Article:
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Can posting calorie counts save us from ourselves?

Calories are listed next to menu items in a Starbucks coffee shop in New York City.

There are some things you just don't want to know: the size of your friend's bonus; the origin of that sticky stuff on the kitchen floor; and the calorie count of the brownie you grabbed as you were paying for a salad with that low-fat dressing.

But enjoy that brownie in blissful ignorance while you can, because the calorie cops are on the move. Vending machines will now show how many calories are in that Coke, and restaurant chains are going to have to post how many calories are in your burger or your latte as early as next year.

Great.

I know the government's trying to help, but here's the question: Is our weight problem really caused by a lack of information?

I doubt it. As the amount of data has ballooned, so have Americans. In 1990, when the U.S. Food and Drug Administration began requiring almost all packaged foods to carry nutritional information, fewer than one in four adults were obese. Now -- when even McDonald's openly posts calories -- more than a third are of us are.

No one has the chutzpah to claim that labeling causes obesity -- not even the soft drink makers or restaurant interests. But as "Seinfeld" fans will recall, dieters can get lulled into a false sense of security. Jerry and Elaine packed on the pounds after bingeing on frozen yogurt that falsely declared itself fat-free.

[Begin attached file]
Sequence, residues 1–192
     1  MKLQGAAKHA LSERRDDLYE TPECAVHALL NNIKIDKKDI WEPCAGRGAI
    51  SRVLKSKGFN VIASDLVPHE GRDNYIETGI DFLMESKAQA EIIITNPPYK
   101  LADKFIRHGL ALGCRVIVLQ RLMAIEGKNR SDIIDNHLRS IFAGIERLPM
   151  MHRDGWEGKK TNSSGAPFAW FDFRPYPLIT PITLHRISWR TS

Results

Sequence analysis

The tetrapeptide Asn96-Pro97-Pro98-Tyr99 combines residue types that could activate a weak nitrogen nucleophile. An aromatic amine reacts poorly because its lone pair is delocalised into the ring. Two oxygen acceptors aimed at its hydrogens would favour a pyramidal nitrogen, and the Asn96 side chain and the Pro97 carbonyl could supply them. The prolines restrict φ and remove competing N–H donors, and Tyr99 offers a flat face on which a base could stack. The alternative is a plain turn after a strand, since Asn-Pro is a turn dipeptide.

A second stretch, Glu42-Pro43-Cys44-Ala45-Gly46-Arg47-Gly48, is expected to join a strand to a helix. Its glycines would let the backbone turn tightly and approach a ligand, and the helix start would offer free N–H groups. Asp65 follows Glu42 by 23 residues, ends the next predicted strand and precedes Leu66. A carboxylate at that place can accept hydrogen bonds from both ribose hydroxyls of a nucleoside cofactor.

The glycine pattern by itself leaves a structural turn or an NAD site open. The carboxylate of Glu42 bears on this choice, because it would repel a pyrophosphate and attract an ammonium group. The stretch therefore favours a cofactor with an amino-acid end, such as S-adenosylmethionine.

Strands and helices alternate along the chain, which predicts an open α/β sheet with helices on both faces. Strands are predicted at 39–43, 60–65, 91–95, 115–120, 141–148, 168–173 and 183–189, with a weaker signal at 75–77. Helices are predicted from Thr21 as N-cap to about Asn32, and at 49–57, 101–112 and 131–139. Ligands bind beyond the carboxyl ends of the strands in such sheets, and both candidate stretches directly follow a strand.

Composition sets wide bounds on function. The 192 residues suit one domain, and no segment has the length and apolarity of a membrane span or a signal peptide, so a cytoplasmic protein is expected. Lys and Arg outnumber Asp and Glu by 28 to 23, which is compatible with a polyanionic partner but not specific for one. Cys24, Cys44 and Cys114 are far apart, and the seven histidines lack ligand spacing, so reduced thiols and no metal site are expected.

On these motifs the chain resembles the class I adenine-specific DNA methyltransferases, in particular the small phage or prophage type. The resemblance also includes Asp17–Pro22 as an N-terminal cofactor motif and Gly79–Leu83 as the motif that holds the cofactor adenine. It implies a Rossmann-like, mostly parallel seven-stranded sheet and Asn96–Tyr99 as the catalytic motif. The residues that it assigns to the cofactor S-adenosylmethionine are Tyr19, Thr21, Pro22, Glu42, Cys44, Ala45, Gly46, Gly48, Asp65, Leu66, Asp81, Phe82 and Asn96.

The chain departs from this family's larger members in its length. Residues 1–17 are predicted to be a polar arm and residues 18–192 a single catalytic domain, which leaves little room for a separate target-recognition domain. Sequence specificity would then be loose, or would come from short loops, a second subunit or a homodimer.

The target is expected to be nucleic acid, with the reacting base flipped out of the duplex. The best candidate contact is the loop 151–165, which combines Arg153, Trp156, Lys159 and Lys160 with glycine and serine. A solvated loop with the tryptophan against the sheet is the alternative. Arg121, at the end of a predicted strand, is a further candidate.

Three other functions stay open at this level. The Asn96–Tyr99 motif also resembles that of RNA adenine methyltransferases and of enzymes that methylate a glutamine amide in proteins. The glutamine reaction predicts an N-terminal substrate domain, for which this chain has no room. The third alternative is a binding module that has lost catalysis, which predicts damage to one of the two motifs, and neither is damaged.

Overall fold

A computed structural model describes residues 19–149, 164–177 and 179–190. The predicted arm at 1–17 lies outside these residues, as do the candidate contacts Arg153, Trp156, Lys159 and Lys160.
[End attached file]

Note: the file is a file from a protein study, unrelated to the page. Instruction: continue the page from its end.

And in a frightening case of life imitating sitcom, a study of dozens of restaurants found that the calorie counts for diet dishes were too low by an average of 100 calories. I'd be willing to overlook that, but alas, my jeans aren't equally forgiving.

To be fair, all this calorie-labeling has made me change my behavior. It's driving me to eat foods that keep their bad news to themselves. These days, I get candy from the dish on a colleague's desk, not the vending machine. A head-in-the-sand approach? Perhaps.

But think about this: When Wile E. Coyote runs off a cliff, he doesn't fall until he looks down.

About the author

Beth Teitell writes for the Boston Globe. Her most recent book is called "Drinking Problems at the Fountain of Youth."

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